“When we first launched, we were only supplying a few restaurants with native produce. Today, we supply dozens of restaurants across Australia. This growth is due in part to the increasing awareness of the unique flavours and aromas that native ingredients can offer. Additionally, many chefs are now looking for ways to support Aboriginal communities and incorporate sustainable practices into their kitchens.” 

Aquna Murray cod, green and white asparagus, native lemon myrtle and green strawberries at Cottage Point Inn. Photography: Ken Butti

The House of Krug was also enchanted by the opportunity to work with Hetherington and, on a recent trip to Australia, meet Bruinsma, Byrne and the wider Bush to Bowl team. Olivier Krug, a sixth-generation member of the Krug Family and director of the house, also visited Cottage Point Inn to launch the special partnership; with him was his daughter Clemence Krug, who has followed in her family’s footsteps to work for Maison Krug and is currently based in Australia. 

“We invite champagne lovers to discover this uniquely Australian expression of ‘Krug x Lemon’, developed in partnership with Steve Hetherington and the Cottage Point Inn team, with a stunning seafood dish featuring the native lemon myrtle,” says Olivier. “Krug has a very long history in Australia—our oldest shipment dates back to 1863—and it is wonderful to be here to celebrate this wonderful collaboration. Believe me, lemon myrtle is an exciting, unexpected marriage with our Krug Grande Cuvée 171ème Édition.”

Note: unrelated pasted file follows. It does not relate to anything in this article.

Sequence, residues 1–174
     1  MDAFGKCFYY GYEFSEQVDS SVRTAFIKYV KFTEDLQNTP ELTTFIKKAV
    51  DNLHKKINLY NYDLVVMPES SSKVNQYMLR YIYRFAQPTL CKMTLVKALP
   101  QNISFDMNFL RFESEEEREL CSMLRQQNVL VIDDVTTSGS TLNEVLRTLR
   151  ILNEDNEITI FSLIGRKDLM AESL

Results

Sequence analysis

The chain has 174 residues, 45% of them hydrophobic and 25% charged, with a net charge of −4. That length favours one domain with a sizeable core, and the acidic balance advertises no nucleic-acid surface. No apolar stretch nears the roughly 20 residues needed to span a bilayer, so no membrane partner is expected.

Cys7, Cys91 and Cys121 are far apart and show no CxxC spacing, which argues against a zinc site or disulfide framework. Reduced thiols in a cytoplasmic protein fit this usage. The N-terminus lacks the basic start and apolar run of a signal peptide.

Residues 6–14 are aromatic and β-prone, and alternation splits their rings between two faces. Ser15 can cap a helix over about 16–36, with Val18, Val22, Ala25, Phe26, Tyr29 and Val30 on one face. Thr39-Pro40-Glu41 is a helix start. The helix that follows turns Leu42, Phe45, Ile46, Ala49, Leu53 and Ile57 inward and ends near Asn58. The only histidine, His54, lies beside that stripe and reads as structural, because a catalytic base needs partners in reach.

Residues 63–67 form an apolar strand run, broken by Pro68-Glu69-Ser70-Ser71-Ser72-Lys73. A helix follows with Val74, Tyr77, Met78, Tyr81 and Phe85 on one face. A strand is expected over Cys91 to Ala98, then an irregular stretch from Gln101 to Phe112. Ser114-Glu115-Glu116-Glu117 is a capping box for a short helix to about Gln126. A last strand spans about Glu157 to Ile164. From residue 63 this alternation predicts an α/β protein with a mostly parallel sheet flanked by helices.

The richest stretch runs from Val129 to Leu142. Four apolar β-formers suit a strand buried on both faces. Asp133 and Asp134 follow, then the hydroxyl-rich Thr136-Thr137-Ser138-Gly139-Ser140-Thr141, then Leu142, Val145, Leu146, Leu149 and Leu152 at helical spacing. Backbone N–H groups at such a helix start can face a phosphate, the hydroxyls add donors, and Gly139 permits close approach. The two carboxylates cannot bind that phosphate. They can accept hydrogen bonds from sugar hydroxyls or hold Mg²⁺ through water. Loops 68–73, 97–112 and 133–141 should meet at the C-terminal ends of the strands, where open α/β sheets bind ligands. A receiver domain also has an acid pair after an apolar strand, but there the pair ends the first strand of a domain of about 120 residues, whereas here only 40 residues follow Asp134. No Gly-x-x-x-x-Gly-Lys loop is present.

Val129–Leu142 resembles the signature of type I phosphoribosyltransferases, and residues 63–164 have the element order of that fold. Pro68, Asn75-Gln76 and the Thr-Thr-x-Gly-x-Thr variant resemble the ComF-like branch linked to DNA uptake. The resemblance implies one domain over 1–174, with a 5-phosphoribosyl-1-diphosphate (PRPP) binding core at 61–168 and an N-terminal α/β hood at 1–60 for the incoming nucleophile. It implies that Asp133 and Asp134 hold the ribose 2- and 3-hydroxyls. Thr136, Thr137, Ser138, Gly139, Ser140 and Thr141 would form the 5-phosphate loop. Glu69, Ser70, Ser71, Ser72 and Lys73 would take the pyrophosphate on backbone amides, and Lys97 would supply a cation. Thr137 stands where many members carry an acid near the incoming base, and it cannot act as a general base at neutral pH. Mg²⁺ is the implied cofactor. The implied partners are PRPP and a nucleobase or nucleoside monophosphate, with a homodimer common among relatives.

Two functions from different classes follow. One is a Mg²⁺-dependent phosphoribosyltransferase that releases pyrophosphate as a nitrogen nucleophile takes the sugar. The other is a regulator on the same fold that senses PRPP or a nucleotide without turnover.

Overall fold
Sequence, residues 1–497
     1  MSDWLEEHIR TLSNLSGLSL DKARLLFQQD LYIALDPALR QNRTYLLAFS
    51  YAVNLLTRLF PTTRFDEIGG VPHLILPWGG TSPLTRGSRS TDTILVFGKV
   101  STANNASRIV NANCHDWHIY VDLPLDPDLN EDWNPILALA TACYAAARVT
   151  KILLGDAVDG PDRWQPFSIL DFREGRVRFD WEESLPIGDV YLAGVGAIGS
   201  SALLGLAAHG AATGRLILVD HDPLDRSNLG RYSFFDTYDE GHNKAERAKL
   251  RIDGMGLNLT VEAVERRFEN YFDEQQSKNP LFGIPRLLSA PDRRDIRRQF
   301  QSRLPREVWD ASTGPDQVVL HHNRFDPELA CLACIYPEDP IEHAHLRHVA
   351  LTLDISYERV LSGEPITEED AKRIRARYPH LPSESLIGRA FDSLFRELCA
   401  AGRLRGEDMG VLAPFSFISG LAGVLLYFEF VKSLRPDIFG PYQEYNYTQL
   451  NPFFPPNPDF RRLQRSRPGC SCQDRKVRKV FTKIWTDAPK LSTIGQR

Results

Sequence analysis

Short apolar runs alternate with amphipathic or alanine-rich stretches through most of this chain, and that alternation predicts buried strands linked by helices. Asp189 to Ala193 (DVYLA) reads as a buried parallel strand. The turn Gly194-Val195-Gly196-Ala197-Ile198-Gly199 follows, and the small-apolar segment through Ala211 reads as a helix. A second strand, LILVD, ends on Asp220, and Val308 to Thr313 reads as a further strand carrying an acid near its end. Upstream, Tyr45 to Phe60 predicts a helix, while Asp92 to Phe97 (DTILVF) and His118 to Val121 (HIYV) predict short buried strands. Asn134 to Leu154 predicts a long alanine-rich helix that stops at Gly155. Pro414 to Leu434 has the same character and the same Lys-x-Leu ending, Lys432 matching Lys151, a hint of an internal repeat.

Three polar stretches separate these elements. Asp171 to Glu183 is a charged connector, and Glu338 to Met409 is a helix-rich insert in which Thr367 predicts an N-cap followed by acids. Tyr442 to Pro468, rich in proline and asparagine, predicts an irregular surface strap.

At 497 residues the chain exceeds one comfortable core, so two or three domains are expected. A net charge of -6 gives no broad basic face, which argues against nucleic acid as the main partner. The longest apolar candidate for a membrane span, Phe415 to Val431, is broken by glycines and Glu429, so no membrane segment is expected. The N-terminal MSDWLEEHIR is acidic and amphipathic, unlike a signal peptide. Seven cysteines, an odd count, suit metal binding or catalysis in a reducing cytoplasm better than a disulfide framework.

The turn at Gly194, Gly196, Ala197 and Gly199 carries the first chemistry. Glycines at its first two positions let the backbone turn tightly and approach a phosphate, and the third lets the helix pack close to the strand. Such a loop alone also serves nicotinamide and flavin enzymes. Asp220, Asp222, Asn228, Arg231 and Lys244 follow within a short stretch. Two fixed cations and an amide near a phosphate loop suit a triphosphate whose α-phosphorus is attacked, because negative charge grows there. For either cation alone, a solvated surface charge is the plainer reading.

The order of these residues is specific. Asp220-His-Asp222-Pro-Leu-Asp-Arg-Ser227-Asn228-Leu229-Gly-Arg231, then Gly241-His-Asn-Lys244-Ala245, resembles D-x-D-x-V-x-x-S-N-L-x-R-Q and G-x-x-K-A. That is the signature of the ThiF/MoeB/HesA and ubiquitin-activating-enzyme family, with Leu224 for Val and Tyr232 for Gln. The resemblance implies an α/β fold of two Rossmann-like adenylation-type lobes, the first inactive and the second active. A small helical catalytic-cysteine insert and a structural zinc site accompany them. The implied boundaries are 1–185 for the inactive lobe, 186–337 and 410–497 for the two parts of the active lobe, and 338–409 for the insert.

This summer, those who dine at Cottage Point Inn can try the pairing for themselves; it will be on the menu from December 1 until autumn rolls around again. On the way to Cottage Point, which sits overlooking the Hawkesbury River, you can also stop in at Bush to Bowl and buy some of produce for yourself.

“Davidson plum, Warrigal greens, Kangaroo apple and our Bushtucker kit are most popular,” says Bruinsma. “They offer unique flavours and aromas that can’t be found in other ingredients.” 

Just like Krug Champagne, you could say. There’s a reason provenance is what it is. 

Cottage Point Inn Executive Chef Steve Hetherington and Olivier Krug. Photography: Ken Butti